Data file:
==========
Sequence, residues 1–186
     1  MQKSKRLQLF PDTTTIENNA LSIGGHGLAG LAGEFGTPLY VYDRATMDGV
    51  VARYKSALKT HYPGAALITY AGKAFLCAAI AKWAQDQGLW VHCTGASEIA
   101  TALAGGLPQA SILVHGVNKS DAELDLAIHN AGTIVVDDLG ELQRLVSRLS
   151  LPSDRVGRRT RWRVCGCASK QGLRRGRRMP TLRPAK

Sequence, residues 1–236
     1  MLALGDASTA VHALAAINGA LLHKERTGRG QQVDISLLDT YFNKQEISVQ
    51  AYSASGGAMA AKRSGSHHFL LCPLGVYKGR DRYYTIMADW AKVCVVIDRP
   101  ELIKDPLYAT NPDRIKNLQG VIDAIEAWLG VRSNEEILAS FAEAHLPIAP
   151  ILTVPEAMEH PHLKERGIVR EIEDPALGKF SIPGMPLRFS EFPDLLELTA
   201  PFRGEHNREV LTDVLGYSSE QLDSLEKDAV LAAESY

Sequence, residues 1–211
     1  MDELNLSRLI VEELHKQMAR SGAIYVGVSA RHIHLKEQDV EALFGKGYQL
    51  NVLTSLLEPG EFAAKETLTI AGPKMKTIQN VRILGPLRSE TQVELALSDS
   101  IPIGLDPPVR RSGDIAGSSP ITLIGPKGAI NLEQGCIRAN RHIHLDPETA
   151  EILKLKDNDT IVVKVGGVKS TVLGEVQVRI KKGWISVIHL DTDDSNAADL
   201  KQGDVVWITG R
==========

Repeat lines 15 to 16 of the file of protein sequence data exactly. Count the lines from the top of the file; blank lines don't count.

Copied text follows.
   101  IPIGLDPPVR RSGDIAGSSP ITLIGPKGAI NLEQGCIRAN RHIHLDPETA
   151  EILKLKDNDT IVVKVGGVKS TVLGEVQVRI KKGWISVIHL DTDDSNAADL